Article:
You know, I wonder how much of it is a problem on the student/graduate side.

      I used to think things were really terrible on the supply side of the job market. But being on the demand side, it is amazing just how many applications are terrible. We get several score of highly educated people to apply for these jobs, and dozens of them do not even craft a cover letter appropriate to the job.

      Many of them write 3 or 4 paragraphs that can be summarized as, "you have an opening, I want it, I can do it, I am the most amazing person ever. I have looked at nothing else other than your job announcement." It only takes a few minutes to actually look at the context of the job on our website.

      The thing is, I KNOW these people had to write, oh idk, papers geared to certain objective in grad school. I had to.

      Yet they put in minimal effort when they want a job. It's as if we should see their awesomeness because they went to grad school. One person said, "I am a dynamo in the classroom" to describe his teaching experience. Wtf does that mean?

      Or maybe it's that they can't write decently in 2 pages or less because they're used to writing 20 pages saying nothing.

    5. Aaron:

      Part of the problem you describe in your last entry is because HR encourages that. Applying for a job by post or Internet is largely automated now. The software that's used searches for applicable key words and only those key words (no such thing as a thesaurus in that setting) and applications that don't have them are automatically deep-sixed.

      As well, much of what happens in the workplace nowadays consists of spouting biz-babble. One's chances of having an application move higher up in the system are reduced if associated phrases and terminology don't appear.

  37. I'd like to add a different perspective as to who doesn't read what's written. How about the editors?

    During my Ph. D. residency, I wrote papers for 2 difference conferences. Unfortunately, the editors did a lousy job on them and one of them tried to blame me for it, even though it was the fault of his staff. The result was that those papers were published, mistakes and all, and one of them came out looking particularly horrid. I mean, who publishes a technical paper without artwork, even though it's referred to in the text?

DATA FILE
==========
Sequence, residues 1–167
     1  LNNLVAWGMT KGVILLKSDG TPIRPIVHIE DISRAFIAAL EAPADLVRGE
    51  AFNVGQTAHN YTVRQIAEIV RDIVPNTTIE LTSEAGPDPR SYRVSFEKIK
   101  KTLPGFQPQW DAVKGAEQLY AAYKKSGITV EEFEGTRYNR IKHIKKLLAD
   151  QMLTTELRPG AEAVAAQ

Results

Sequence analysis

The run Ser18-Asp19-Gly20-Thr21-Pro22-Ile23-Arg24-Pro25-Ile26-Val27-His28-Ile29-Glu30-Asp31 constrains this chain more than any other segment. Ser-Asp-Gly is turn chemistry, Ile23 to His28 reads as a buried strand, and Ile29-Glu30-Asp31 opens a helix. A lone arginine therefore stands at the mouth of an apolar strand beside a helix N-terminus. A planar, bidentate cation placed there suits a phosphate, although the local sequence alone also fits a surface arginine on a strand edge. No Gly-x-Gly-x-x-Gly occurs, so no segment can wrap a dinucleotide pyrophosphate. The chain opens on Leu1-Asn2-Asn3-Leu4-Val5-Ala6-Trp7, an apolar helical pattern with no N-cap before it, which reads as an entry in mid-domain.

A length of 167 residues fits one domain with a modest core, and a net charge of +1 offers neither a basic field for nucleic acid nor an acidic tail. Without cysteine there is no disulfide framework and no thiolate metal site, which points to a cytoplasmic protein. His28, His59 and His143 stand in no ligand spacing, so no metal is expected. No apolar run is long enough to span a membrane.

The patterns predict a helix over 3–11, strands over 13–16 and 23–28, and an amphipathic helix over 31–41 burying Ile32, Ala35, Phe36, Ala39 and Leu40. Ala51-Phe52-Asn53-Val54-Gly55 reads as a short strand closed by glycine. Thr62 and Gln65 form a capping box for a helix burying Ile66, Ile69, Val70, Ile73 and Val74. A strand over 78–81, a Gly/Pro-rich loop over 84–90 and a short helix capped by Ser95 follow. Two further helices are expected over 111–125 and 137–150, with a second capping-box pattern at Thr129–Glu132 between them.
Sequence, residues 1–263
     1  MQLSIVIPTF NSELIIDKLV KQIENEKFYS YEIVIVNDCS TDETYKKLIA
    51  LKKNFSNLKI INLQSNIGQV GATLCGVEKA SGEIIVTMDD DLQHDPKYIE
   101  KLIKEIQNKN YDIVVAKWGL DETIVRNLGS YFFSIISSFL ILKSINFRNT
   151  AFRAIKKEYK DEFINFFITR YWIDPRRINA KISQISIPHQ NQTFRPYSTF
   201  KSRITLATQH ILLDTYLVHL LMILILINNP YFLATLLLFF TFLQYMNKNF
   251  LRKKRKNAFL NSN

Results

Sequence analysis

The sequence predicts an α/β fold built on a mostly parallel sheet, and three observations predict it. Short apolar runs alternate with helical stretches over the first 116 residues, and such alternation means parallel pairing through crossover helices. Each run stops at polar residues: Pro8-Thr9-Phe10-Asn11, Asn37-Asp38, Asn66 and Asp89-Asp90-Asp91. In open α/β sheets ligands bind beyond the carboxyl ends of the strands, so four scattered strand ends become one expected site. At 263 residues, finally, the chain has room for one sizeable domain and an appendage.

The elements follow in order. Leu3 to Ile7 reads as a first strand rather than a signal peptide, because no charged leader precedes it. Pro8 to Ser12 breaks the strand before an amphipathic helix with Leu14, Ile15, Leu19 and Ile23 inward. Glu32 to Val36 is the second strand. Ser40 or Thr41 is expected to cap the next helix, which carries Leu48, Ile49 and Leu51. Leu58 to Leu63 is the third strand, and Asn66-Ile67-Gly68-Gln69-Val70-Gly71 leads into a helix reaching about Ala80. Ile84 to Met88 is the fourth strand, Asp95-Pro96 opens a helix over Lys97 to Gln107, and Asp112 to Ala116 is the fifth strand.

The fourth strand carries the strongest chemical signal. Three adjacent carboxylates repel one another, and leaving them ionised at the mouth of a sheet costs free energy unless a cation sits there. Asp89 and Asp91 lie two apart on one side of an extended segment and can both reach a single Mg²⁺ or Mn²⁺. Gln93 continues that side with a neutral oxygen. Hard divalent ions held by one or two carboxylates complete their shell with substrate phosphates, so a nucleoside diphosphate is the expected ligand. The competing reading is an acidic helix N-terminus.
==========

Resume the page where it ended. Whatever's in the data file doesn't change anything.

Whoever would have read them wasn't going to think about the editing. It was my name on those papers and it would have been my reputation that would have been called into question. ("Who wrote this mess? Oh, *him*!") Had those editors notified me of what was going on beforehand, I could have made any necessary changes. Instead, I was told after the fact.

    I haven't written any papers for either of those conferences since then.

    I never got an apology from the editors in question. I had to refrain from giving one of them the tongue-lashing he clearly deserved because he was one of the departmental members of my committee. I shouldn't have been surprised at his attitude with my paper. During my defence, it became abundantly clear that he either didn't read my thesis or he never understood it.

    1. Believe it or not, the problem is worse in Europe than in North America. European academics feel compelled to have even longer lists of publications on their CVs than North American academics do. A lot of what gets published in European journals and in European edited volumes is junk. Editors there don't seem to do much editing, which makes one wonder if they read anything very carefully.

      Not surprisingly, it's much easier to get published in Europe.

    2. That would explain why some our recent applicants with PhDs from Europe had CVs that were a dozen pages long, despite short careers as active scholars.

    3. While working on my Ph. D., I read several papers which were published in Europe. The quality of some of them was absolutely dreadful, bordering on being unreadable.

      I get the impression that some journals are so desperate for material that they'll publish anything, regardless of quality. At the same time, some researchers will submit material to journals such as those because they can't publish it anywhere else.

    4. I'm convinced that there are editors who sacrifice quality and clarity in order to squeeze a manuscript into an assigned number of pages.

      I can imagine what the authors of those documents must think when they read the final product. The layouts that they spent all that time on in order to comply with the publisher's requirements, or were set up to emphasize or clarify certain points, might end up completely jumbled in order to meet a set page limit.

      Doing something like that is probably one way for an editor to make enemies. It wouldn't be surprising if those authors decided to take their business elsewhere after that.

      Unfortunately, the problem is probably worse now than when I was a grad student because of the availability of publishing software. However, editing a document is more than just moving text around. Some creative thinking is sometimes required and an editor must recognize that a manuscript is set up the way it is for good reasons. Changing that might make it difficult to read or disrupt its continuity.